Throughout my career I benefited from lessons learned working for “Secretary” Shultz in 1982-83. He arrived at the State Department during a difficult crisis in Lebanon, which had been the final straw leading to the resignation of his predecessor, Al Haig. I was already working as a special assistant in the Secretary’s office and was immediately stuck by Shultz’ ability to remain calm, collected, and focused even when faced with outrageous behavior by the players in the region as well as with the bureaucratic infighting in the U.S. administration that had also plagued Haig. Shultz had a capacity to persevere, deal with the setbacks, create leverage to move forward, and step-by-step build the partnerships needed for progress. I still vividly remember working with tears flowing on the draft message Shultz issued after the April 1983 bombing of the U.S. embassy in Beirut: Shultz was deeply saddened but doubled down on pursuing the U.S. peace mission for Lebanon.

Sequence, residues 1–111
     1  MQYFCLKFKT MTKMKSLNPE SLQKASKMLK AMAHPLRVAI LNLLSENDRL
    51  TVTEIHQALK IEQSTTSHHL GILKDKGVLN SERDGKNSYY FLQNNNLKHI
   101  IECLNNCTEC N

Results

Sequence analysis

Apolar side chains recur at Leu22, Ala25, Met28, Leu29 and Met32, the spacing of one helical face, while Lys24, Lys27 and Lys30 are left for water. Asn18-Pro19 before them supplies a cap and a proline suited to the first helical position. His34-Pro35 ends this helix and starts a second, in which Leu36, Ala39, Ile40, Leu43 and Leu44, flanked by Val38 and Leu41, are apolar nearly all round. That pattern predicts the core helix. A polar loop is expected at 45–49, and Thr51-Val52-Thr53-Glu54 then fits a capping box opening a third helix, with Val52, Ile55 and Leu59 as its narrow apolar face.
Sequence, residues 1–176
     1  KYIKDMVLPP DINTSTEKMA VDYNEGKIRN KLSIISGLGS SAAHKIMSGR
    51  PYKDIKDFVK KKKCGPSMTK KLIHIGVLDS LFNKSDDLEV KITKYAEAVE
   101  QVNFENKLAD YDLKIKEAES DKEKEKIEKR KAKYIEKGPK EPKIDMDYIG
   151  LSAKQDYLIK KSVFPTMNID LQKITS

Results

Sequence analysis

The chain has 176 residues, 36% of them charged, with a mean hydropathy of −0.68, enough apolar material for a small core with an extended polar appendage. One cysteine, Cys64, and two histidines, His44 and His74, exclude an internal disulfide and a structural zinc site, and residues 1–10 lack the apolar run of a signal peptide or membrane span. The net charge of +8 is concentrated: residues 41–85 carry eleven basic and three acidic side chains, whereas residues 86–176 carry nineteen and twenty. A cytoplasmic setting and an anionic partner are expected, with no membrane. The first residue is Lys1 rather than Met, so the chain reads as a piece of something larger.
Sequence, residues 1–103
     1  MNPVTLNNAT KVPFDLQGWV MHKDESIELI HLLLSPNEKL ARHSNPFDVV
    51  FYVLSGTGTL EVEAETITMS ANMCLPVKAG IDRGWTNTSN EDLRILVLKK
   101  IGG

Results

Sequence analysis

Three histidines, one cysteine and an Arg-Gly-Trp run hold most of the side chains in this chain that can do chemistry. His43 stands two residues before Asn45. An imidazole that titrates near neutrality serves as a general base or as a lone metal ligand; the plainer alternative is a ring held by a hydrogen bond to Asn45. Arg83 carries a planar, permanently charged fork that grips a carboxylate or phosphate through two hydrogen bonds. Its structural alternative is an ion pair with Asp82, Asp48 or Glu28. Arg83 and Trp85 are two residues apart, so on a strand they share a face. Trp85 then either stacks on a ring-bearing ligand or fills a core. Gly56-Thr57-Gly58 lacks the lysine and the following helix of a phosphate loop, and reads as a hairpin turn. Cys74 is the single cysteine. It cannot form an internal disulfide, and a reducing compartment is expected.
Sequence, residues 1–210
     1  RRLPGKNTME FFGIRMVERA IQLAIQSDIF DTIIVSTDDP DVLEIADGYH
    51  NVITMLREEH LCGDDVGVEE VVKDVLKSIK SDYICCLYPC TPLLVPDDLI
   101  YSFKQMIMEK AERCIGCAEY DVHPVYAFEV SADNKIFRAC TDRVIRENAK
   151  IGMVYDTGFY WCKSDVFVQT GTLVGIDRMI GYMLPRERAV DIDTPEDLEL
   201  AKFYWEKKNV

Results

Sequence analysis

Gathering partners where possible was a key precept in Shultz’ approach to this and other issues in the months ahead, and he emphasized the importance of economics in all we did, something I had not focused on before my work with him. Importantly, throughout intense work on any given diplomatic crises, Shultz demonstrated great respect for his professional diplomatic team. He also believed in the value of continuous learning, which is why he championed until the end better training for U.S. diplomats. The secretary would relax and have fun with his staff, especially if there was an opportunity to dance. For he loved to dance. Not surprisingly, Shultz’s staff and the Foreign Service developed a deep affection for him.